Animation

The number of animations in Cuphead: The Delicious Last Course is equivalent to the entire base game

The number of animations in Cuphead: The Delicious Last Course is equivalent to the entire base game

Have you ever thought about hand drawn animation? Do you really, really think about it? And the absolutely massive amount of artwork that goes into even doing a single short walk cycle? StudioMDHR certainly put a lot of thought into it during the development of Cuphead. The studio then went around Delicious Last Course and decided to do the same amount of animation work again.

For a DLC.

According to Maja Moldenhauer, the sheer volume of animations in Delicious Last Course stemmed from the team’s desire to bring to life everything they had left behind in the cutting room of the original Cuphead, with a playable Miss Chalice serving as a catalyst for the rest.

“We really wanted to experiment with the art form… I don’t have an inventory or frame count yet, but it’s comparable to the entire main game in this DLC. […] With the additional frames of animation, we go from that more basic, early 1930s style. [Disney], closer to Fantasia. I say this loosely, it’s nowhere near the quality of Fantasia, but it’s something we strive for, something we aspire to,” says Moldenhauer.

Moldenhauer later jokes that the members of StudioMDHR are the “kings and queens of scope creep,” which is one of the reasons Delicious Last Course is such an monstrosity of animation. Originally, the DLC was limited to Miss Chalice and “five oversized bosses,” but other ideas were quickly thrown into the mix, including a specific one that Moldenhauer can’t mention yet that “is going to be a surprise to everyone.”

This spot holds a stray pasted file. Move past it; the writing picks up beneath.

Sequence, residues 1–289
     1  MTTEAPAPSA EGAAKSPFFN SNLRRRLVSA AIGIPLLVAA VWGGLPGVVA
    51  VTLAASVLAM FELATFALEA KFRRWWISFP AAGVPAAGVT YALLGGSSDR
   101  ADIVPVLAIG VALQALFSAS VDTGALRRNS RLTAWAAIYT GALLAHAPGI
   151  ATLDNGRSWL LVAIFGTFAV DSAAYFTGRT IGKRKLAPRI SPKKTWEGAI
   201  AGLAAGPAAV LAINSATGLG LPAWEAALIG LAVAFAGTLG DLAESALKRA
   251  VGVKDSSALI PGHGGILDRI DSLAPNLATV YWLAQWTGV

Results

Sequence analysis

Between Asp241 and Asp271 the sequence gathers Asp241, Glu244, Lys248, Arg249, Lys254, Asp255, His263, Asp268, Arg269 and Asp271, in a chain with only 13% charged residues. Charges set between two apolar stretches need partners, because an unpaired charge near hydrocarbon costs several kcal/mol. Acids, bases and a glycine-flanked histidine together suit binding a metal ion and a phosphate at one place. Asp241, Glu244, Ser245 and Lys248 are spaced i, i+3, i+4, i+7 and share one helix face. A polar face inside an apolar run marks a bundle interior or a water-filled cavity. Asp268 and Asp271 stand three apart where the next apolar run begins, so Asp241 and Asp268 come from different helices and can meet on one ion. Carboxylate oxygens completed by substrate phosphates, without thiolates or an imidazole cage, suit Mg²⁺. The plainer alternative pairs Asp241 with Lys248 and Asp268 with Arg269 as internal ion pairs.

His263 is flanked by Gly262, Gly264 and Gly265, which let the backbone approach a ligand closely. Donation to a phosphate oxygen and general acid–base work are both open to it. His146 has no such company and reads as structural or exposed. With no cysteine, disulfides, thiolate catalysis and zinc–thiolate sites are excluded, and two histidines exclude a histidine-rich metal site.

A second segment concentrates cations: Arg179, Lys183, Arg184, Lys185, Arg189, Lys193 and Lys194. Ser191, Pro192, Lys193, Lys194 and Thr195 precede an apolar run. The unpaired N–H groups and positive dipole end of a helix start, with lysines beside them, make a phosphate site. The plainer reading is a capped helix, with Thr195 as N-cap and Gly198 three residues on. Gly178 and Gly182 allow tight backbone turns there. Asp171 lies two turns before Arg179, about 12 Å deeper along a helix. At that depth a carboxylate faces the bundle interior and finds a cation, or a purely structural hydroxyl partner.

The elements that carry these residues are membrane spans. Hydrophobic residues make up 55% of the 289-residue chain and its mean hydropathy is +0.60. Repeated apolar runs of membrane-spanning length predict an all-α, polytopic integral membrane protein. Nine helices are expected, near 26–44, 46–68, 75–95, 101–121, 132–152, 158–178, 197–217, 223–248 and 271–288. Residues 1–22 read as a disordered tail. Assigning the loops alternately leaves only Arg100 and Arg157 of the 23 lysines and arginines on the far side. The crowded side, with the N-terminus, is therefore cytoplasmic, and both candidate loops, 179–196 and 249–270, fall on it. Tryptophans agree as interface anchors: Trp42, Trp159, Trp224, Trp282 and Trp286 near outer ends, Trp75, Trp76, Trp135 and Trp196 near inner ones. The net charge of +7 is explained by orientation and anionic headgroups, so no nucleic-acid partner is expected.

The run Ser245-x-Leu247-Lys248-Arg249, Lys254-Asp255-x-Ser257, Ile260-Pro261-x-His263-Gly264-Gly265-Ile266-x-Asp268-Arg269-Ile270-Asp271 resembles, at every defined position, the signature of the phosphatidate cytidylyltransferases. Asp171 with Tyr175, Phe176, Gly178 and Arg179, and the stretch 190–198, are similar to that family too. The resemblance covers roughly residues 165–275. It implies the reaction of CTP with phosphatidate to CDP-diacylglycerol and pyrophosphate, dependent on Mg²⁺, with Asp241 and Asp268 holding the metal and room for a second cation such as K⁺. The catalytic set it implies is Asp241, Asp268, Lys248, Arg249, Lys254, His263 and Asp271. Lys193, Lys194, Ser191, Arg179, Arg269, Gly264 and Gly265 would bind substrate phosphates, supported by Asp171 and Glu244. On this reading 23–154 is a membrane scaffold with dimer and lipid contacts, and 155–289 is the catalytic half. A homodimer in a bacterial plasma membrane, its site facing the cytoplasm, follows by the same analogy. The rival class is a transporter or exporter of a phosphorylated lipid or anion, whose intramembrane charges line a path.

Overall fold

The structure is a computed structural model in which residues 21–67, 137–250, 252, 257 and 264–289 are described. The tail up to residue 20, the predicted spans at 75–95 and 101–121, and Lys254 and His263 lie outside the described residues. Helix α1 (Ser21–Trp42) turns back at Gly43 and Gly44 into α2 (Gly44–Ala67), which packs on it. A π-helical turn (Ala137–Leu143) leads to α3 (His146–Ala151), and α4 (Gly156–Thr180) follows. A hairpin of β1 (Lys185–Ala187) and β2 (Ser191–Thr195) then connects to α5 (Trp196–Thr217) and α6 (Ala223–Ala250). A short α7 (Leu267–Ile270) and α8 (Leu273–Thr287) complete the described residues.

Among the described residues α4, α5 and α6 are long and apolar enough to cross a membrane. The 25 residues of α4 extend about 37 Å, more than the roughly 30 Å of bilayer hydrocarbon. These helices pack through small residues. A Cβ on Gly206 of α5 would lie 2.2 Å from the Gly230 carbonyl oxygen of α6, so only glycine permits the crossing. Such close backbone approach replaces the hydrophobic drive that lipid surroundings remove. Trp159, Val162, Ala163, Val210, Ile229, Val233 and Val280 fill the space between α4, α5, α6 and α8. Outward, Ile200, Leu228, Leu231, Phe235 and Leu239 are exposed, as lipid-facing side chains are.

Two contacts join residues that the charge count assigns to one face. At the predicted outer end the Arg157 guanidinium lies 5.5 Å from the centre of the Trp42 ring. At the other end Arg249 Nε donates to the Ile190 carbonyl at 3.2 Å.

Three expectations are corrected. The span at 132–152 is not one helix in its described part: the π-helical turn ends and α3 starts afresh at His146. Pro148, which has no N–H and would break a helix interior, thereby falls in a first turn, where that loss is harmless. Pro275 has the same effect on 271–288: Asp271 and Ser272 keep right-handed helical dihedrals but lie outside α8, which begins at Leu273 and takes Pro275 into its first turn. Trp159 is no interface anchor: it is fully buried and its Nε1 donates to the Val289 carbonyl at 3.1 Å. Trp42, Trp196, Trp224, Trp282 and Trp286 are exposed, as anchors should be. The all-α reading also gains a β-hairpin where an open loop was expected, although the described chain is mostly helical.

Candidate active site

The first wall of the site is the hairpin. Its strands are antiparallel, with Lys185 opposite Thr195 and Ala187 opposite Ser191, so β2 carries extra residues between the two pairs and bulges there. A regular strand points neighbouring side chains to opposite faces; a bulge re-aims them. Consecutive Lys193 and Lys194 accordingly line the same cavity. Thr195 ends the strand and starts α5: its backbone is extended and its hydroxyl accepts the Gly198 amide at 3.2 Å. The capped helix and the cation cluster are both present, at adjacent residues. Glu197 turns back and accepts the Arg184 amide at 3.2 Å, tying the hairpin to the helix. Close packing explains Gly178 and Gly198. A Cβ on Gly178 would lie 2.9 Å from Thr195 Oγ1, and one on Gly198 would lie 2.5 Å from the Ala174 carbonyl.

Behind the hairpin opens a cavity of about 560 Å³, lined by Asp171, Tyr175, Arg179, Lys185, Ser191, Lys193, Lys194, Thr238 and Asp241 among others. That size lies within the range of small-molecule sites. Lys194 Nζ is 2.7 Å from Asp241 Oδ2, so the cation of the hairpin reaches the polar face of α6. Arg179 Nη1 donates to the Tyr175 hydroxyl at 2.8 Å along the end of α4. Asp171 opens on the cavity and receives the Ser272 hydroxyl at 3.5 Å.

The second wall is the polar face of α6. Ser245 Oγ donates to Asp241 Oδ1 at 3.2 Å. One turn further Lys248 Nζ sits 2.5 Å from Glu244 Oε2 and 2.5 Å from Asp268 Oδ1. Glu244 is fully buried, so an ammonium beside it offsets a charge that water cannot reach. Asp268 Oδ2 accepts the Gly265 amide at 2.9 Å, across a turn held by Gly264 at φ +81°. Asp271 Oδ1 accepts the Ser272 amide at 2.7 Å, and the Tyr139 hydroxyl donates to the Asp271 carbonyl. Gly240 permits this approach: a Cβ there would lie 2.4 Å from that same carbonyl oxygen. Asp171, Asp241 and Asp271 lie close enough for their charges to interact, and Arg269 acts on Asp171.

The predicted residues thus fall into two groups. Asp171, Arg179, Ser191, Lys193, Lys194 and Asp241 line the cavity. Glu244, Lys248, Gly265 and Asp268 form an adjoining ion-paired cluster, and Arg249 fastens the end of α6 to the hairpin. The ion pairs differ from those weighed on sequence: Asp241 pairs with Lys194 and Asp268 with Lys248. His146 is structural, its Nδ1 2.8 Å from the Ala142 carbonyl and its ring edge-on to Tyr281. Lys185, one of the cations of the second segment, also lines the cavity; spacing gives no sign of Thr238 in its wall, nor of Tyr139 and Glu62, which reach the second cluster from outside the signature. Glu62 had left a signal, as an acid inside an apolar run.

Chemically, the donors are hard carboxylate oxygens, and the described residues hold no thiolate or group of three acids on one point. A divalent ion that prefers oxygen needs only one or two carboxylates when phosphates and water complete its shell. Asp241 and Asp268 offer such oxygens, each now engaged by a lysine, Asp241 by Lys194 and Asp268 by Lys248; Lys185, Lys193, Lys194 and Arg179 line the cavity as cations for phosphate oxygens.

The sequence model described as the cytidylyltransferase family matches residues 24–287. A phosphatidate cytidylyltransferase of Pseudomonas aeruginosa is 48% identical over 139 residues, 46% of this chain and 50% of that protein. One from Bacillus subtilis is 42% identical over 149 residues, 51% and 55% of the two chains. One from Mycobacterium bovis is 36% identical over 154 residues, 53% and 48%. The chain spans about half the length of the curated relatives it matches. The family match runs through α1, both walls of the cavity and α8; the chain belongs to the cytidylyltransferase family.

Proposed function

“One of the things we’re known for is boss transformations in the main game,” he continues. “One thing we did this time was the transformation of the location. In the Mortimer Freeze boss fight you will see, he is not in the same arena for the entire fight. Each phase takes you to a new location, which means a lot more watercolor background paints.”

Delicious Last Course also offered its animators a different degree of freedom with boss designs that they hadn’t had in the original game due to the design process itself. On Cuphead, Moldenhauer says the team asked composer Kris Maddigan to “make a bunch of music” which they then paired with each boss after designing it. It’s a process Moldenhauer describes as “disorganized,” though he admits it worked quite well given Maddigan’s skill and the variety of music he came up with.

Cuphead: The Delicious Last Course screenshots

But this time, they turned the process on its head.

“We had the bosses cemented in our heads,” she says. “We knew exactly what cadence they were going at, if they had a lot of energy, what the theme was. Then we questioned him about these levels and bosses and we said, ‘Now go.’ So they are very personalized and specific… we did everything possible. The original soundtrack had 65 musicians. This one is 110. Really just to help put things into perspective and scale compared to the main game.”

With such a massive scale of work on Cuphead, we also spoke to Moldenhauer about StudioMDHR’s decision to take its time to preserve the mental health of its developers, as well as where the studio plans to go now that Cuphead is complete.

Rebekah Valentine is a news reporter for IGN. You can find her on Twitter @patovalentine.